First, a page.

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Figure 1. ATP-mediated AZT-MP excision activity and RNase H activity of wildtype, A360V, TAM-1 and TAM-1/A360V HIV-1 RT.

A) Isotherms of ATP-mediated AZT-MP excision reactions carried out by wildtype and mutant HIV-1 RT on a DNA/DNA T/P. Data are the mean ± standard deviation from at least three independent experiments. Reaction times were: wildtype and A360V = 10, 20, 30, 45, 60, 75, 90, 105 min; TAM-1 and TAM-1/A360V = 3, 7.5, 15, 25, 35, 45, 60, 75 min. B) Isotherms of ATP-mediated AZT-MP excision reactions carried out by wildtype and mutant HIV-1 RT on an RNA/DNA T/P. Data are the mean ± standard deviation from at least three independent experiments. Reaction times were: wildtype and A360V = 15, 30, 45, 60, 75, 90, 105, 120 min; TAM-1 and TAM-1/A360V = 3, 7.5, 15, 25, 35, 45, 60, 75 min. C) Representative autoradiogram of the RNase H cleavage activity of the wildtype and mutant HIV-1 RTs. Experiments were carried out as described in the Materials and Methods. The reaction times were wildtype and A360V = 15, 30, 45, 60, 75, 90, 105, 120 min; TAM-1 and TAM-1/A360V = 3, 7.5, 15, 25, 35, 45, 60, 75 min. D) Isotherms for the accumulation of the −10 product formed by wildtype and mutant HIV-1 RT during AZT-MP excision.

http://dx.doi.org/10.1371/journal.pone.0031558.g001

Discussion

Recent studies show that RT inhibitors select for drug resistance mutations in the connection domain of RT including N348I and the A360V mutation reported here. The drug or drugs responsible for the selection of these connection domain mutations, however, are not well defined. For example, Yap et al reported that failure of AZT and nevirapine therapy was associated with the emergence of N348I, TAMs, and the non-nucleoside RT inhibitor resistance mutations K103N, V108I, Y181C/I and G190A/S [13]. By contrast, von Wyl et al reported that N348I predominantly emerged in participants receiving lamivudine and AZT [15], whereas Hachiya et al reported that N348I emerged on AZT- and/or ddI-containing therapies [27]. Of note, the A360V mutation has not been associated with failure of any specific drug combinations [28]. The limitation of these prior studies is that they relied on retrospective analyses of sequences in clinical databases. As such, RT sequences were obtained from participants exposed to multiple RT inhibitors, without pretherapy or longitudinal sequences available, making it difficult to pinpoint the specific drug or drugs responsible for mutation selection.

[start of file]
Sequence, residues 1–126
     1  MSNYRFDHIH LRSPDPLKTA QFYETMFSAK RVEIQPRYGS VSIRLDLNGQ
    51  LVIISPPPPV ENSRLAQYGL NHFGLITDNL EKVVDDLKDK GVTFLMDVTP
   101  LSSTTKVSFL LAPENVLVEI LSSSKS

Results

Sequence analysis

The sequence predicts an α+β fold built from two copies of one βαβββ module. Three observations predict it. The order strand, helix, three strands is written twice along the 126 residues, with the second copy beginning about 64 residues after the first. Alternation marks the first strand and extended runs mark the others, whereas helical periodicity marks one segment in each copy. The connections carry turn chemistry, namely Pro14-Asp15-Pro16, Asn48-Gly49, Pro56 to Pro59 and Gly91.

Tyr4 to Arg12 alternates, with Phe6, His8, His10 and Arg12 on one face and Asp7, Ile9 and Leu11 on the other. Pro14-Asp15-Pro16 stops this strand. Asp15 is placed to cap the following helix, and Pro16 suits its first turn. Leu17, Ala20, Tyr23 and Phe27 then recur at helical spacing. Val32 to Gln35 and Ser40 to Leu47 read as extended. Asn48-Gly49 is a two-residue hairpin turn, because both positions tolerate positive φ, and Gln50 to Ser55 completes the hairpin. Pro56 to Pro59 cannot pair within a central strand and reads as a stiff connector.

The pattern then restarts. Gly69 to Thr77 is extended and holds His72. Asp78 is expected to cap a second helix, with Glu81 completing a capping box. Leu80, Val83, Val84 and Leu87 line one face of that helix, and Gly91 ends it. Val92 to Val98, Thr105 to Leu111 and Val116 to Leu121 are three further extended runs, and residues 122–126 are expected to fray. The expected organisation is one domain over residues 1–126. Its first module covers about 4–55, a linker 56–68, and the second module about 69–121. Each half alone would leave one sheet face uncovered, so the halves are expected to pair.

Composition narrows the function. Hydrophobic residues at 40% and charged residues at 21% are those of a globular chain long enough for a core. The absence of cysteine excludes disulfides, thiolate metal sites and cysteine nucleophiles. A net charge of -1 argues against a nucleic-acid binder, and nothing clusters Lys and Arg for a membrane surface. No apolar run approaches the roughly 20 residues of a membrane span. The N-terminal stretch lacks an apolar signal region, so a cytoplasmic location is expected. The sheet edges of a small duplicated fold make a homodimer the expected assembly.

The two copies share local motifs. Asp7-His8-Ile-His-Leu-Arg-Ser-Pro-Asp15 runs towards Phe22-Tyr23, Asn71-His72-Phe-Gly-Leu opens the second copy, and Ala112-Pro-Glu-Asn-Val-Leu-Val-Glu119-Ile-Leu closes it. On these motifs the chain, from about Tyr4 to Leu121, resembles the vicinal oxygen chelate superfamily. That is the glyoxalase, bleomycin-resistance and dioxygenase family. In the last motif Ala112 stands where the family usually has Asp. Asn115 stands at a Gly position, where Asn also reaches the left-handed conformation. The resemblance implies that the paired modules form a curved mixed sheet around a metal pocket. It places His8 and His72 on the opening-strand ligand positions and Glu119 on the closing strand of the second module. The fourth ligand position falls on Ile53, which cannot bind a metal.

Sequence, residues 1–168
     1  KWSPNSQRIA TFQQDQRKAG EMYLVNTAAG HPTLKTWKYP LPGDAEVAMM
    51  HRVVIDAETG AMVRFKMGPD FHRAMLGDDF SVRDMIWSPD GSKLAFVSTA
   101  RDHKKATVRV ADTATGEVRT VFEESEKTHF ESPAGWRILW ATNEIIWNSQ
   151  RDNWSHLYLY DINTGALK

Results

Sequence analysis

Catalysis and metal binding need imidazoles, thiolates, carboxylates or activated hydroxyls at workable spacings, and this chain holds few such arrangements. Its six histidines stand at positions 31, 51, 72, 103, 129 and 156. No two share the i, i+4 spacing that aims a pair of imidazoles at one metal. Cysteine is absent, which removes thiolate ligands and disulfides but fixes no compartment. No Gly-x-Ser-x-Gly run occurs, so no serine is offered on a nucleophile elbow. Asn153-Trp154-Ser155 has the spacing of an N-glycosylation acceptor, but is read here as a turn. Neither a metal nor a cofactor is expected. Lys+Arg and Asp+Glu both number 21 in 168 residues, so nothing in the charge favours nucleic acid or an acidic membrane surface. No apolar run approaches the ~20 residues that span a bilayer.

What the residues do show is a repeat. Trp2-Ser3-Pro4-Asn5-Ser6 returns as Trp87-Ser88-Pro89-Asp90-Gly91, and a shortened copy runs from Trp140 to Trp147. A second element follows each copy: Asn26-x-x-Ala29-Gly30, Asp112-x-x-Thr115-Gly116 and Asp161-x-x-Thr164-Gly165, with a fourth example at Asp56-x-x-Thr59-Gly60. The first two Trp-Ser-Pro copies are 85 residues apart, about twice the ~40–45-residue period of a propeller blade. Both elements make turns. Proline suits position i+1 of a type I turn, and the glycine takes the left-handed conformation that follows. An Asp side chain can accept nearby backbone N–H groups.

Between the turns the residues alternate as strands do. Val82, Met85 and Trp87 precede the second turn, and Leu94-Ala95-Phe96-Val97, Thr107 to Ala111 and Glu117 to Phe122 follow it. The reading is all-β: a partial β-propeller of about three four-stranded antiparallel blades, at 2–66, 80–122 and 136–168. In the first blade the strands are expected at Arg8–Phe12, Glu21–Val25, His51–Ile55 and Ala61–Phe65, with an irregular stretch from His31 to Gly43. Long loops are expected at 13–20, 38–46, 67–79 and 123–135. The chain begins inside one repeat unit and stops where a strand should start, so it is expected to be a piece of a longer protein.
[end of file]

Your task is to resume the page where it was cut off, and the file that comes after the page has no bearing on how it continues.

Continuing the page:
In the current study, we compared paired pre- and on-therapy full-length RT sequences from 23 participants who had received only AZT monotherapy in ACTG study 175. Our analyses reveal that the A360V mutation in the connection domain emerged with similar or higher frequency as TAMs M41L, D67N, L210W and K219E/Q. Longitudinal analyses also showed that A360V was detected at the same time or after the appearance of TAMs but not before. Importantly, we also show that the A360V mutation confers ∼2.0-fold AZT resistance both in the full-length RT sequence context it was selected in vivo and in the xxLAI molecular clone. This is the first study to take a systematic experimental approach to determine whether AZT alone selects for mutations in the C-terminal domains of HIV-1 RT. As a result, both the selection of A360V during AZT monotherapy and resistance to AZT from A360V are unequivocally shown.